Brotherhood’s Tribute to the late Mr. Gladstone

Speaking at the Connah’s Quay and Shotton Brotherhood meeting at the Picture Palace on Sunday, Mrs Lewis ( Wife of the Right Hon. J.H Lewis, M.P.), in dealing with the War and the death of Mr.W.G.C Gladstone, M.P., said why should they be sad when God took persons from this earth to a higher service, and why should they complain?    Their lives and death taught all of us a lesson, and we were proud of our heroes.   They sacrificed their lives for others, and she thanked God that we had such men.   The drink question would have to be tackled, as there was nothing more despicable at this crisis than the treating of our soldiers..    It was not as hard to ask a person to give up strong drink, if only for the duration of the War, as it was to lay down their lives.   The women of the country could not go to the front, but there was much good they could do, even if only to become teetotal. – Mr J. Mealor (president) in moving a vote of condolence to Mrs. Gladstone and her family in the loss of her son, said the Brotherhood, had lost a valuable friend. – Mr. H.H.Millar, in seconding, said he did not think there was anyone present, with the exception of Mrs. Lewis, who was more familiar with Mr. Gladstone than he (speaker) was.    When the late strikes were on, and even after the War had started, he received letters from the deceased gentleman, asking him if there was any cases of distress in Shotton or any children shoeless, and if so, would he (Mr. Millar) let him know.    He was a man who never wanted the many people he helped to know where the money came from.   While at Wrexham Mr. Gladstone was a general favourite with his men.    Before he arrives at the Barracks the men had very few games, etc., to amuse themselves, but upon his arrival he purchased all that was necessary for the men to pass a happy time – The motion was passed by the large concourse standing. – Mr. Isaiah Morgan presided, Mr. Millar read the Scripture lesson, and a solo was given by Mr. Evans, of Crewe Brotherhood.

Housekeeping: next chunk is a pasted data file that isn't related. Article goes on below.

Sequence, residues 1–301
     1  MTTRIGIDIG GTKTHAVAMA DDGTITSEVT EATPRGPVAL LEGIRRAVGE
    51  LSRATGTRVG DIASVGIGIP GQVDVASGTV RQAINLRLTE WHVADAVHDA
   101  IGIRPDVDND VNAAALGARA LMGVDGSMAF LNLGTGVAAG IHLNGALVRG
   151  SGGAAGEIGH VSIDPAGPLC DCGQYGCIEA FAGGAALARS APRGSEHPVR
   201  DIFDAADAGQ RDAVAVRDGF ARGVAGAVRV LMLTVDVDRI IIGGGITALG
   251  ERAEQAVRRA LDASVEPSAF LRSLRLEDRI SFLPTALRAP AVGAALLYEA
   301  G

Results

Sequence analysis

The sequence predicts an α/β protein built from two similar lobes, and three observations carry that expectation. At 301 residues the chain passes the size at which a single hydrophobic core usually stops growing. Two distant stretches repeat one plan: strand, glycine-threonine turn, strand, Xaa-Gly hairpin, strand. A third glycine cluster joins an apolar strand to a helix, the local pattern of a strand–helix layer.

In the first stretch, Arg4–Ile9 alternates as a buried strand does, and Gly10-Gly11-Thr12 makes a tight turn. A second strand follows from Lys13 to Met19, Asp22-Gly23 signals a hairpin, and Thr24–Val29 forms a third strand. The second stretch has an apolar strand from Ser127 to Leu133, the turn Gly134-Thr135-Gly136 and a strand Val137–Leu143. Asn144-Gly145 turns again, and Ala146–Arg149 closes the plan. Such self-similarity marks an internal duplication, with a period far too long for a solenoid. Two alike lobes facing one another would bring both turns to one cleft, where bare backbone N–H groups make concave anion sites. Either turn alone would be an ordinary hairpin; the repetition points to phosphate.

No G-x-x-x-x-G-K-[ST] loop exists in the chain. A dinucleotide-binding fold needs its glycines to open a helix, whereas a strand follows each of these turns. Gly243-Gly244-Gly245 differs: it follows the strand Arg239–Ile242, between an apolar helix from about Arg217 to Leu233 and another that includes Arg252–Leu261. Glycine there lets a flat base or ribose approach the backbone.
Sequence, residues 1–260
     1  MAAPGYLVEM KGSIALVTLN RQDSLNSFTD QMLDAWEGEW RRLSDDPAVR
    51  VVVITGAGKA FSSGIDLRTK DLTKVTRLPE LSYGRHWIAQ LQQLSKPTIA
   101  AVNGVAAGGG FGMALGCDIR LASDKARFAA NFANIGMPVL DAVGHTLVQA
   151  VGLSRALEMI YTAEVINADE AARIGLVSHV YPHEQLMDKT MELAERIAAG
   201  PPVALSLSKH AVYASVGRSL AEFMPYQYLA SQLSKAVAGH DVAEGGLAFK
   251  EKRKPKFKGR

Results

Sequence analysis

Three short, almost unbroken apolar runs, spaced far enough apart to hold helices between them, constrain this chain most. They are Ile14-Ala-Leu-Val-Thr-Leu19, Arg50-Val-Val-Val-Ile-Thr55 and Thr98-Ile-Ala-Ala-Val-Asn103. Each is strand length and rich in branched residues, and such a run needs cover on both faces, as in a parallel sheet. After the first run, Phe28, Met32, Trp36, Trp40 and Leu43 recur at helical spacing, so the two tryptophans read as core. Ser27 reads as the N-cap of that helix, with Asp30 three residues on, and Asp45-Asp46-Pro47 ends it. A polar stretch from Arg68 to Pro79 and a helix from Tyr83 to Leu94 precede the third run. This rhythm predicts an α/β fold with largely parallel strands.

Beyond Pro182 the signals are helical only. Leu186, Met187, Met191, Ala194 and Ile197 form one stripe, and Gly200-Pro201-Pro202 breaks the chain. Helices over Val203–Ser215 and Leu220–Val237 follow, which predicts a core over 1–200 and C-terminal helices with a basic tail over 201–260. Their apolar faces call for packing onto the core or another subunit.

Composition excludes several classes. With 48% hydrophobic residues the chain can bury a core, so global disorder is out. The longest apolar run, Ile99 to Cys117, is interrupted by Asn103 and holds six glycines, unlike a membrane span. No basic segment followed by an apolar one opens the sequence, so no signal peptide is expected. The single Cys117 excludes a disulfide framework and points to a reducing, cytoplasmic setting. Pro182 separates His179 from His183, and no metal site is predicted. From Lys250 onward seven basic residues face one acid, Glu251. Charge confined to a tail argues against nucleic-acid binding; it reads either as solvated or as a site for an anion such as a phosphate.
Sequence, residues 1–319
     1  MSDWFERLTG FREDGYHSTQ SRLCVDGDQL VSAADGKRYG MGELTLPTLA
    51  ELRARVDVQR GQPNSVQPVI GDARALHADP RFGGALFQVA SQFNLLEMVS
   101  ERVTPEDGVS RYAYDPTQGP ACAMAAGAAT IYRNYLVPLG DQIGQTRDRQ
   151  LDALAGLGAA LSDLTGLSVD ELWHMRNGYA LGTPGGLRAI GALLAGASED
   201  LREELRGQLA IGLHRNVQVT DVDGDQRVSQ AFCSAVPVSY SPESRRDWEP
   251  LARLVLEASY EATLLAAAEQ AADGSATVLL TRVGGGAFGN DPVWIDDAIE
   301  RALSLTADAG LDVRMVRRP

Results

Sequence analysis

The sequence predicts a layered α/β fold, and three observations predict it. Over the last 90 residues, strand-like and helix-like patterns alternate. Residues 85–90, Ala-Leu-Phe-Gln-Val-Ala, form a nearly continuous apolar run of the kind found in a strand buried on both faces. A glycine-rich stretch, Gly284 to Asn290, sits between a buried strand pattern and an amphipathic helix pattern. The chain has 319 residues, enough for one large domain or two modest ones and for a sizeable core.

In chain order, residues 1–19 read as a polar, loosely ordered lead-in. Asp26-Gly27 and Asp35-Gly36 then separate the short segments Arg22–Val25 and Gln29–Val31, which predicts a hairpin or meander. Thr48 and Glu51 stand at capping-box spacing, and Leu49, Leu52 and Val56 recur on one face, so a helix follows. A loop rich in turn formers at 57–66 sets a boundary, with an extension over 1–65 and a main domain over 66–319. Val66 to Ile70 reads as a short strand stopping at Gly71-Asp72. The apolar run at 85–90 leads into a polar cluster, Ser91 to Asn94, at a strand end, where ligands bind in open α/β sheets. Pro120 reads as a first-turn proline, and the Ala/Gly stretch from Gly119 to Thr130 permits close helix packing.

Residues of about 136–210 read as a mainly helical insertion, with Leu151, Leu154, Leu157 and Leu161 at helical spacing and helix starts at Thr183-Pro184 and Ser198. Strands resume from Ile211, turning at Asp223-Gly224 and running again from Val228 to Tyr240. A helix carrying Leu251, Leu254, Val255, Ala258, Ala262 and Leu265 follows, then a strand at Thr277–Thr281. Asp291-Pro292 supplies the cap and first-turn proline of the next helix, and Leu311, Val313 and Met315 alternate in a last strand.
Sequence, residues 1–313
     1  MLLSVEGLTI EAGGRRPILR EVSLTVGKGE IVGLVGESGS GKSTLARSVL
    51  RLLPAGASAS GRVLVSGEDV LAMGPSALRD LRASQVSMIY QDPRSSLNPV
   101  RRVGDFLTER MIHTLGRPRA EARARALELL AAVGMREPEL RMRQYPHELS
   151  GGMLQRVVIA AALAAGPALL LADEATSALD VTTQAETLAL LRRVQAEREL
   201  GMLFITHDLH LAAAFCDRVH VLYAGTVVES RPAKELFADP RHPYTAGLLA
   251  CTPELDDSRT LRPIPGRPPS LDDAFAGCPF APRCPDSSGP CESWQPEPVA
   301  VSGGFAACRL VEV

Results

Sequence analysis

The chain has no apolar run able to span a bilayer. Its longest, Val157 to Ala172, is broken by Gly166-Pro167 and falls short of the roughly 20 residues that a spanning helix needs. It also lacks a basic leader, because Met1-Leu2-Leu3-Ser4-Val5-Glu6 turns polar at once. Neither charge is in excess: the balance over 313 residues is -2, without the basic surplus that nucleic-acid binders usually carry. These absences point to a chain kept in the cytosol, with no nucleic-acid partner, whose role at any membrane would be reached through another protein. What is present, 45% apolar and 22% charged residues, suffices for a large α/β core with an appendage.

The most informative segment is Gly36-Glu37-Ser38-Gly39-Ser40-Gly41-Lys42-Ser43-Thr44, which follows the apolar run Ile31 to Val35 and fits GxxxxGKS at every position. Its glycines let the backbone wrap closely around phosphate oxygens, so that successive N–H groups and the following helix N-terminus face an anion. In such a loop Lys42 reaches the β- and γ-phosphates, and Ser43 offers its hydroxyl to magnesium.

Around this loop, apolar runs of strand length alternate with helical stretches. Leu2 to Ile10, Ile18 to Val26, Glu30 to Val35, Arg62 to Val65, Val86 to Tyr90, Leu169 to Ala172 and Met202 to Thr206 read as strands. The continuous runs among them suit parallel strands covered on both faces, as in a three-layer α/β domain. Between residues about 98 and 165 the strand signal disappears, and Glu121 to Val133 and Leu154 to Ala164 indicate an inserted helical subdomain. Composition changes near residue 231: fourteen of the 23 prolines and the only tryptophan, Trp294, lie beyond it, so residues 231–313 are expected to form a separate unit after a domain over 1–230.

He is also remembered on Queensferry Roll of Honour in the Queensferry War Memorial Institute and the Plaque in St. Andrew’s Church, Garden City.

Please read the books, “Goodbye to All That” by Robert Graves, (ISBN: 978-1-909621-05-3),The Quick and the Dead, by Richard Van Emden. (Fallen Soldiers and their Families in the Great War) ( ISBN 978 0 7475 97797) and the “Empire of the Dead” (How one man’s vision led to the creation of WW1’s War Graves) by David Crane (ISBN 978-0-00-745665-9) were William G.C. Gladstones death and burial are discussed.

MPs in World War I: William Glynne Charles Gladstone (1885-1915)

Learn more about the other soldiers on the Hawarden Memorial